Though the title of this story talks of the family “recipe”, in truth, it’s recipes: The star of the story is a cookbook collated and then handed down from generation to generation. Some recipes get lost through sticky mishaps; others are written down and added; the entire life of the cookbook a repetition of losses and additions. I liked the cyclic structure this forced onto the story, which was otherwise remarkably devoid of plot in a way that did not make the story feel deficient. My only complaint is that I found the ending weak; I would probably have stopped with simply “Everyone knew that it was never just a cookbook.”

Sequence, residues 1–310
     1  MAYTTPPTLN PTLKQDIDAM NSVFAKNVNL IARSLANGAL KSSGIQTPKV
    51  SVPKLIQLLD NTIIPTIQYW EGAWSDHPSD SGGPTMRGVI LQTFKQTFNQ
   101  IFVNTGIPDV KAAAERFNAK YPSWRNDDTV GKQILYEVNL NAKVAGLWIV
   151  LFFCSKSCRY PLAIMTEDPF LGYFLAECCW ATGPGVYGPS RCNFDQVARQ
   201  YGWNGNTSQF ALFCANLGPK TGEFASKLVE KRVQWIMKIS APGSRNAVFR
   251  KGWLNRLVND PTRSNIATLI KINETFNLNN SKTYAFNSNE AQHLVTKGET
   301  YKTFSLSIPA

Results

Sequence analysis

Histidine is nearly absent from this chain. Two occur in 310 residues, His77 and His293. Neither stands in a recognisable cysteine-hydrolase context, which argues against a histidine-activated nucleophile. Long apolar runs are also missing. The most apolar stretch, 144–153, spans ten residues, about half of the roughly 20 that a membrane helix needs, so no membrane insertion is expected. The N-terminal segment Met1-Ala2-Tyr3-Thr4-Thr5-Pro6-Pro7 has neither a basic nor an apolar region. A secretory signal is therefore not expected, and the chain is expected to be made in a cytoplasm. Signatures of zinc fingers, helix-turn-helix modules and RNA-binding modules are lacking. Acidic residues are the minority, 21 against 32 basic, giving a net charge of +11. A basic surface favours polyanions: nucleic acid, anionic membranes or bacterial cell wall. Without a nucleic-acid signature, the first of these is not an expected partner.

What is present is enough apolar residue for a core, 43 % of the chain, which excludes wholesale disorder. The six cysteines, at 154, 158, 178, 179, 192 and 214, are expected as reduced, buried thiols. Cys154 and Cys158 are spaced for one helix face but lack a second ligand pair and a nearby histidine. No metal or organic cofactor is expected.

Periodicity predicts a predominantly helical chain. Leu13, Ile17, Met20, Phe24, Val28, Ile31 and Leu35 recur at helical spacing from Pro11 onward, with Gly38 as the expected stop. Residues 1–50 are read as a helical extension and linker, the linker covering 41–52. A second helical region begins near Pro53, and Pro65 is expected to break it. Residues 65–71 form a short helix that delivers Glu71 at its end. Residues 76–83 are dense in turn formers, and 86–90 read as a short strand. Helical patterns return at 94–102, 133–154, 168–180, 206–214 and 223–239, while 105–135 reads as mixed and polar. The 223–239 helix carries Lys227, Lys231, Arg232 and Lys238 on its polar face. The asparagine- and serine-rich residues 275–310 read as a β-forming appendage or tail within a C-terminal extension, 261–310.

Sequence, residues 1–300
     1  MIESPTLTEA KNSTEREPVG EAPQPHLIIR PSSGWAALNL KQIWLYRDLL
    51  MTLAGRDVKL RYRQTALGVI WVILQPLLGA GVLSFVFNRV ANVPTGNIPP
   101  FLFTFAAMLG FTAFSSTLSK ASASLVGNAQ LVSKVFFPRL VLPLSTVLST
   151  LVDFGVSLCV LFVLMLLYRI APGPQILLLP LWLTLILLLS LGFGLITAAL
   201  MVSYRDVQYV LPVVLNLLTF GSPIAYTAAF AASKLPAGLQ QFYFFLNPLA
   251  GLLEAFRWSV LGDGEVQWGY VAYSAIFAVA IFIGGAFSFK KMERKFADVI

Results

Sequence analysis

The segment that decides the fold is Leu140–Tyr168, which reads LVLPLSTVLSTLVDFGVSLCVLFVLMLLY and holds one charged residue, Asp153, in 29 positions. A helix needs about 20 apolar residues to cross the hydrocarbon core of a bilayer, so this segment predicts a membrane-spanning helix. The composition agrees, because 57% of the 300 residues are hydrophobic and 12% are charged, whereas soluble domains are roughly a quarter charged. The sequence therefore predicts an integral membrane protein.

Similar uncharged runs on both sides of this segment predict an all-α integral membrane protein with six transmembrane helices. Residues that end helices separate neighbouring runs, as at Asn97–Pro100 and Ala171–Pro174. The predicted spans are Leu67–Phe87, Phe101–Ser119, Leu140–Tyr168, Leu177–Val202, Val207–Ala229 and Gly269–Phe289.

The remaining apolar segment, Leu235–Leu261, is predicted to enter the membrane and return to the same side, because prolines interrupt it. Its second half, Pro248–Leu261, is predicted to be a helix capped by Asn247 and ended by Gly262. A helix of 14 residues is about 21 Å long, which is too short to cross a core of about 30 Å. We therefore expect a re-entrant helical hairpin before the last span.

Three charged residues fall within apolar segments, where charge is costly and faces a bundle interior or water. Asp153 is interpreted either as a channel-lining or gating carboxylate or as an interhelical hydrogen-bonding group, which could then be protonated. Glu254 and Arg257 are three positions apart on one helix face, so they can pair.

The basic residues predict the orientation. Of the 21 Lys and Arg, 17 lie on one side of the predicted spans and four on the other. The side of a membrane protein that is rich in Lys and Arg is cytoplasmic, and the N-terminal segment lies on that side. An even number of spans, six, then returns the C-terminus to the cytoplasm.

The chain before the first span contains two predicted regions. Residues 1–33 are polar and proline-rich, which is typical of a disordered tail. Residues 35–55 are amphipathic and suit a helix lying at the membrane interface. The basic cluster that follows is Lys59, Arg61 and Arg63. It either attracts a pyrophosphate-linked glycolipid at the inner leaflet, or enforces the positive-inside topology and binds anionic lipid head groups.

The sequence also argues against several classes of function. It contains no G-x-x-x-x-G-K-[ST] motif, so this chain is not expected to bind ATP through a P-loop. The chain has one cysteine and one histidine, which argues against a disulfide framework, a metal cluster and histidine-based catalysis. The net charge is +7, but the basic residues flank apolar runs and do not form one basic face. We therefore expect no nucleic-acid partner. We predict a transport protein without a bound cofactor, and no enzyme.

Of all the titles in the newest issue of LSQ, this was the one that caught my eye the most, so it’s the one I started with.
Beitris is climbing on Ben Nevis when she discovers a little girl, solitary and separated from anyone else she might have been climbing with. No child should be climbing Ben Nevis alone in winter — this much is clear from Beitris’s reaction upon discovering the little girl, but that same reaction left me wondering what business Beitris herself had being on the mountain too!
Well, dear reader, read and find out — it’s a brief little story, but despite the shortness, it has a nice, satisfying ending.